Today marks World Elder Abuse Awareness Day which is celebrated annually on June 15. World Elder Abuse Awareness Day aims to raise awareness of elder abuse and is formally recognised by the United Nations.
This year the United Nations theme for World Elder Abuse Awareness Day is “Access to Justice.” Access to justice might be diminished through the increasing prevalence of online services (digital exclusion), practical difficulties in accessing services, entrenched beliefs, delays, and discrimination. Elderly people may also be more vulnerable to abuse if they are dependent on others.
Elder abuse is a global issue that comes in many forms. A large amount of elder abuse goes unreported, it is estimated that in New Zealand approximately 1 in 10 people over 65 are subject to some form of abuse. That abuse is often by a family member (and frequently the abuser is a child if the victim).
One measure you can take to protect yourself, loved ones, friends, and whanau from this type of abuse is by ensuring there are Enduring Powers of Attorney (EPA) in place. Many people assume that if they lose the ability to make decisions for themselves, their partner or a close relative will legally be able to make decisions for them. In fact, the law doesn’t work like that.
Have a conversation about how you can make an enduring power of attorney to appoint a trusted person or organisation to manage your affairs if you are unable to do so. You can also provide for consultation and oversight when setting up an EPA. An EPAs are legal documents that allow you and your loved ones to plan for the future.
At Trustees Executors, we believe that elderly people are an important part of our community and should be respected. In some instances, elderly people may need special protection. Trustees Executors is in a privileged position to detect and prevent undue influence, financial exploitation, and elder abuse. Talk to us about how we can protect you and your loved ones from elder abuse.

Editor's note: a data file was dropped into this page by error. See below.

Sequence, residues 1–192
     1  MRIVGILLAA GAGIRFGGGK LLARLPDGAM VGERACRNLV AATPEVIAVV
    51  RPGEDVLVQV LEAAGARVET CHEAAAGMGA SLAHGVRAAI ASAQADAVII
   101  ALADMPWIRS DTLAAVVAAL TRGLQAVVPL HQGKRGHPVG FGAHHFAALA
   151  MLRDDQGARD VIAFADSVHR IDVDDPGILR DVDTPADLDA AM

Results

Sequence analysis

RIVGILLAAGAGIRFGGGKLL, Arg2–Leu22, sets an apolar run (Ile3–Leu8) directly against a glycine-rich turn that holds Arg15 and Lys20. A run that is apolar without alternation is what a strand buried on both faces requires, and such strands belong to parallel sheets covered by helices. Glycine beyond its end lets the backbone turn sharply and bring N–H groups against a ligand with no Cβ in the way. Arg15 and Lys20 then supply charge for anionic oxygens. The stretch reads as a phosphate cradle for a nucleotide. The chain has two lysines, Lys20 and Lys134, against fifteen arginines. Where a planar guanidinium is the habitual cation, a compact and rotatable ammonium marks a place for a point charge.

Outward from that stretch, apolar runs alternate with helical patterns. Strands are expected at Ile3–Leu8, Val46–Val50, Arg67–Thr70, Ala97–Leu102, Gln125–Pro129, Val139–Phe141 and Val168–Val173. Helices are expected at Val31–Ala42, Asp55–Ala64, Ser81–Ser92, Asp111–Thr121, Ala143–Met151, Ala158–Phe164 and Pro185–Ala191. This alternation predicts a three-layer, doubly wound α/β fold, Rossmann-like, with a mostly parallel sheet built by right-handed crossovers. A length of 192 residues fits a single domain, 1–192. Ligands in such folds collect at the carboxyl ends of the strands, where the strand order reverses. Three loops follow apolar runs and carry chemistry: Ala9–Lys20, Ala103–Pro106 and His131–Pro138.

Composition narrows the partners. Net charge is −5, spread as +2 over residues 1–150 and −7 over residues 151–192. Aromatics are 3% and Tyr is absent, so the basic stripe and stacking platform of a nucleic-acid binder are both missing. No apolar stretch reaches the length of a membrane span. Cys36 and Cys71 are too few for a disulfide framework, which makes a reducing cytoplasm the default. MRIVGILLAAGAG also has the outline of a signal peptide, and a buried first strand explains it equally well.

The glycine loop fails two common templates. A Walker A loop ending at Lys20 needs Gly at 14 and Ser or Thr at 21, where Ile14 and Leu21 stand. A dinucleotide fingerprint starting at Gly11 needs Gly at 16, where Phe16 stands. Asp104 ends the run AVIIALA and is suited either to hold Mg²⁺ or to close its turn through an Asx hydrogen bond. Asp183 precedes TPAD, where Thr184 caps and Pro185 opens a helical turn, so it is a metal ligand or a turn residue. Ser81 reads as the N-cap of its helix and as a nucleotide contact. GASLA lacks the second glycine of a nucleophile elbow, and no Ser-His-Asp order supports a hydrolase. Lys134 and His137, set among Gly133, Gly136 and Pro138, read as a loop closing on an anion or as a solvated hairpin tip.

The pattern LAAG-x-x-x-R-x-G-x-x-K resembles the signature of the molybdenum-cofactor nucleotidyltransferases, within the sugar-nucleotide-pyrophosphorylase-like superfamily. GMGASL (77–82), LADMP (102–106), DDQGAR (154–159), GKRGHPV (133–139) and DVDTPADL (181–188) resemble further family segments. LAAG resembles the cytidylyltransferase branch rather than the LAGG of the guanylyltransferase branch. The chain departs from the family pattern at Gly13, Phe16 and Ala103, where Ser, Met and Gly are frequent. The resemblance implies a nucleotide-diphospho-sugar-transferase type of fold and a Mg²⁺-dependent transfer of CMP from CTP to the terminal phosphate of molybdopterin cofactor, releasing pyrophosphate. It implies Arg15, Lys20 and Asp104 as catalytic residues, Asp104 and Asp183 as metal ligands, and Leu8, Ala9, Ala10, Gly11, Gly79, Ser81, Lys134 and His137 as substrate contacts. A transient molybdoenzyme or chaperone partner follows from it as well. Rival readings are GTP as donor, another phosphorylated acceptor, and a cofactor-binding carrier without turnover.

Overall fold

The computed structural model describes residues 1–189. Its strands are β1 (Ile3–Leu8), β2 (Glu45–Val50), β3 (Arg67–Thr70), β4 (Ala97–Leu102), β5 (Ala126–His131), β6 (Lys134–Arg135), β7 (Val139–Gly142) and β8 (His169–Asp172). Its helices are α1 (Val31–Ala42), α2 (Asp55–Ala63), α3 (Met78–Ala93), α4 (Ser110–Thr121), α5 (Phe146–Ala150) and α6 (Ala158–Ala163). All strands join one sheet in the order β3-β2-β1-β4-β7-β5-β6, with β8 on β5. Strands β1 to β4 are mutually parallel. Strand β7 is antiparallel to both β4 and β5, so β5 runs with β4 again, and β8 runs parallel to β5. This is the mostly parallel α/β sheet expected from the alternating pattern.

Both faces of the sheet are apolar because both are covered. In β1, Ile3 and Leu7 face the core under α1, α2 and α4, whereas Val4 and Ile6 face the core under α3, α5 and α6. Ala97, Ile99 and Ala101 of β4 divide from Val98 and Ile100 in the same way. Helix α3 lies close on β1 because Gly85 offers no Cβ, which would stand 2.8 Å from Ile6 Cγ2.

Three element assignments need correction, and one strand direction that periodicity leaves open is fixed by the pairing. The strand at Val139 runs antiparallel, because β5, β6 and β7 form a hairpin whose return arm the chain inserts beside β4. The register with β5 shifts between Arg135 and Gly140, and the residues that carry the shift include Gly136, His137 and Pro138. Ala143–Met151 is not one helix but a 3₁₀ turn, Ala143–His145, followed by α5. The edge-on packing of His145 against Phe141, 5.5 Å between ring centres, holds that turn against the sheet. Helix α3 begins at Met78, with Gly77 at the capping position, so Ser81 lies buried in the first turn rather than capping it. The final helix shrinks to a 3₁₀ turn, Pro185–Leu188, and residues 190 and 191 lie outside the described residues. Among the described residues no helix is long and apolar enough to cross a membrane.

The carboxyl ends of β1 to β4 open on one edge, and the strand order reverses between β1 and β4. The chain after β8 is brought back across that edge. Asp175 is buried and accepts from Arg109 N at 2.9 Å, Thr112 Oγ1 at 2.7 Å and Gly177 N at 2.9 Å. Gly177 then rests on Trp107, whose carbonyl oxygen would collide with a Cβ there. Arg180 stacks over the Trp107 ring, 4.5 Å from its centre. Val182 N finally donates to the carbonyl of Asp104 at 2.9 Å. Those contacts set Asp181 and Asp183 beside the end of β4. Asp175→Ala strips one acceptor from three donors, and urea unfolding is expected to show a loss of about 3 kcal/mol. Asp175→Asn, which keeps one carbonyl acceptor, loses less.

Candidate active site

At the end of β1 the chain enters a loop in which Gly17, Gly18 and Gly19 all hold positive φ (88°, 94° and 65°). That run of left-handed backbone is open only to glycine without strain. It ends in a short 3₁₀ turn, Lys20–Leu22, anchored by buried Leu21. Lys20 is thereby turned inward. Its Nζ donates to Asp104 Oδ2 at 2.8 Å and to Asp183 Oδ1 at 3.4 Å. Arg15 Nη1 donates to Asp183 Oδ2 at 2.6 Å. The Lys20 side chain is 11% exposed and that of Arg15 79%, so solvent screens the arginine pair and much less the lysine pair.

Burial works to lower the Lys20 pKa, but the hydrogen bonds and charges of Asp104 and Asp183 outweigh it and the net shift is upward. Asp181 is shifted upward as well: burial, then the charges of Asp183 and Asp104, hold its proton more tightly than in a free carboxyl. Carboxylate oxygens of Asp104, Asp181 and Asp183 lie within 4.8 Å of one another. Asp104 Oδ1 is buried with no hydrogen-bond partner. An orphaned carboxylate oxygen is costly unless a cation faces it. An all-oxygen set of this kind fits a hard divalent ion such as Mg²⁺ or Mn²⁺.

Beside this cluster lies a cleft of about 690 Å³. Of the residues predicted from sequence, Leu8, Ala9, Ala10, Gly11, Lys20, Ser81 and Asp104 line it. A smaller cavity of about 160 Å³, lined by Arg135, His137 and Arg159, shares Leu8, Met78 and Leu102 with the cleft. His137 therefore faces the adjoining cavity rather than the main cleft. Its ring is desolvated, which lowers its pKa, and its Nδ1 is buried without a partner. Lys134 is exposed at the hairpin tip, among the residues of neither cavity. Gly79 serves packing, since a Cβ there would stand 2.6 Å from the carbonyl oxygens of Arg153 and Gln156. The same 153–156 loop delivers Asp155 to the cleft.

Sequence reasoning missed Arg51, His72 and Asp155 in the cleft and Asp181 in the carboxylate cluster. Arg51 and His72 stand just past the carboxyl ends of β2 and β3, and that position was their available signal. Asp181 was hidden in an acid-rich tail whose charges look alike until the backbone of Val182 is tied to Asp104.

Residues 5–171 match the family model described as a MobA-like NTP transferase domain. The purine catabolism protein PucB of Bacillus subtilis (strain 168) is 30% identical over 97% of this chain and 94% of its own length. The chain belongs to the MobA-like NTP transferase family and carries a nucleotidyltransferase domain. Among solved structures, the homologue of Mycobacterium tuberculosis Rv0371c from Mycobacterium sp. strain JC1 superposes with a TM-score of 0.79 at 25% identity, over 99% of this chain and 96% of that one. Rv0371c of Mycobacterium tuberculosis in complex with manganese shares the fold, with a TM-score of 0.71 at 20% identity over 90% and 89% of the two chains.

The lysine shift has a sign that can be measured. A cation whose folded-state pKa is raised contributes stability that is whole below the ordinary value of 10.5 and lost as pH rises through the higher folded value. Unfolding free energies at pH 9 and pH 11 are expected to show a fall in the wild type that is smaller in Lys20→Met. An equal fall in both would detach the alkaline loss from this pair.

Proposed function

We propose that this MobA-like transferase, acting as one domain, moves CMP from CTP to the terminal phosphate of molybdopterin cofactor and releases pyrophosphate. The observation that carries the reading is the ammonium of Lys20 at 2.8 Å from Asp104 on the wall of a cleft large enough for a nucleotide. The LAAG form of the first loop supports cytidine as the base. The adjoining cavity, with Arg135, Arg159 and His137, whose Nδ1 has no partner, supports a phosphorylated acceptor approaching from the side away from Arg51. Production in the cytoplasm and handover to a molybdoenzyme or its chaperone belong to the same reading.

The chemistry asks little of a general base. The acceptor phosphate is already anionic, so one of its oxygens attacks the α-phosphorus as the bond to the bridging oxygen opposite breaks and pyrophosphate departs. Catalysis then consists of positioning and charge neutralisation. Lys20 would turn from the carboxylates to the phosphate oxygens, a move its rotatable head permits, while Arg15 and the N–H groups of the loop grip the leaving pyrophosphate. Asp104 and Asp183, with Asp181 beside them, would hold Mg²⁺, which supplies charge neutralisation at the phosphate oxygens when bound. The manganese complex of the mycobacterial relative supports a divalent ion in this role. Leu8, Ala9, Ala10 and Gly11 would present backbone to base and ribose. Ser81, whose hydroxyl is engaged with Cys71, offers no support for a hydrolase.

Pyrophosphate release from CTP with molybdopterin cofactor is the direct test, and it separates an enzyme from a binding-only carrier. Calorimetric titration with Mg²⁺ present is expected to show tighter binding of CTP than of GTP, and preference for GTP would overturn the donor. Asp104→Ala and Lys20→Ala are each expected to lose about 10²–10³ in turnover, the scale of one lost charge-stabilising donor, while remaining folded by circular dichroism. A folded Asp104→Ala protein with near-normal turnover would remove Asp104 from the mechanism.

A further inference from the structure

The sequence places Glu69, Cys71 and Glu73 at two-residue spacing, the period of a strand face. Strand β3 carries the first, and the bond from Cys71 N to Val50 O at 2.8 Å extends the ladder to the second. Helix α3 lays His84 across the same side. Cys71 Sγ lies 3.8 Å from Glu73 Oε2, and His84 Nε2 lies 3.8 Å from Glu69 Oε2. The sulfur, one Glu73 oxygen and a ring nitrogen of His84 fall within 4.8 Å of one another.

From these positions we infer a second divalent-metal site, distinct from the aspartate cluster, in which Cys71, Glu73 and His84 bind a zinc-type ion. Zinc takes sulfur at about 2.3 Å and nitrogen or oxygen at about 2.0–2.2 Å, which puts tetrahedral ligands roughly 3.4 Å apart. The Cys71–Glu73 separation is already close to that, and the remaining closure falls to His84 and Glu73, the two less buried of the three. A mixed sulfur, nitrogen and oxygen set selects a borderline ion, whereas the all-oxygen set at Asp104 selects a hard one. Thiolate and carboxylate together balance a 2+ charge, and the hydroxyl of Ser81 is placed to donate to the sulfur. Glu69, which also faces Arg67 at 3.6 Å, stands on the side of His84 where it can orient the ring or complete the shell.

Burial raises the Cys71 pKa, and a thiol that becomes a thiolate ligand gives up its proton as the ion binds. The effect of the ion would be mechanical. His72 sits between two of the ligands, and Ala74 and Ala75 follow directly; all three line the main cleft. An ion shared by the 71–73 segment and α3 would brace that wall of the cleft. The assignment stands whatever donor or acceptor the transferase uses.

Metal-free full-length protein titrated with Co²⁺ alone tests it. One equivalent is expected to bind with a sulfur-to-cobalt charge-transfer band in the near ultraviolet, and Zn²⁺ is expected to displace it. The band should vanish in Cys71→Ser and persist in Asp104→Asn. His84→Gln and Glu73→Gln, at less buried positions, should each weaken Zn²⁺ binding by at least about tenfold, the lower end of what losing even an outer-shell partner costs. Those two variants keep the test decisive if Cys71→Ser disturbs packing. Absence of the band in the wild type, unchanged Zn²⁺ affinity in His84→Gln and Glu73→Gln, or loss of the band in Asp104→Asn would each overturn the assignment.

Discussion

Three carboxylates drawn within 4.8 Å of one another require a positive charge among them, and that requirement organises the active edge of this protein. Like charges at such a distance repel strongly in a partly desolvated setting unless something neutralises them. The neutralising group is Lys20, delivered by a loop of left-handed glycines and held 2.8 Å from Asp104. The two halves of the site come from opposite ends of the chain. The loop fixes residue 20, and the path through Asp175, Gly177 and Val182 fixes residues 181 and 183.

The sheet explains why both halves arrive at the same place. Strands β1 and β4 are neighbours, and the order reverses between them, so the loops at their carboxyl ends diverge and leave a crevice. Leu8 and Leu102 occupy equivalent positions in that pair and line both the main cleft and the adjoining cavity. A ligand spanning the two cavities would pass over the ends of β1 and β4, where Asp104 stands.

You can also help by knowing the signs of abuse and by reporting any suspicions.
Know the signs
Elder abuse and neglect involve the violation of human rights and causes physical and mental injury and illness, damages financial and material security, and can lead to isolation, loss of self-confidence and despair. Elder abuse can happen to any older person by a loved one, caregiver, or stranger.
There are many types of abuse, here are some of the signs to watch out for:
- Seems depressed, confused or withdrawn
- Isolated from friends and family
- Unexplained bruises or preventable conditions
- Recent changes in banking or spending patterns
What you can do
There are many ways you can protect elderly people from abuse:
- Have regular open conversations about financial matters with the person you are helping
- Assist in setting up account alerts
- Consider setting up Enduring Powers of Attorney
- Consider who has access to the person’s accounts
- Learn about common financial exploitation schemes and scams that elderly people are vulnerable to and educate the person you are helping
If you suspect and an older person is not being treated well or want to report abuse, please call either the Ministry of Social Development’s Super Seniors elder abuse helpline on 0800 32 668 65 or freephone Age Concern 0800 65 2 105 for free and confidential support.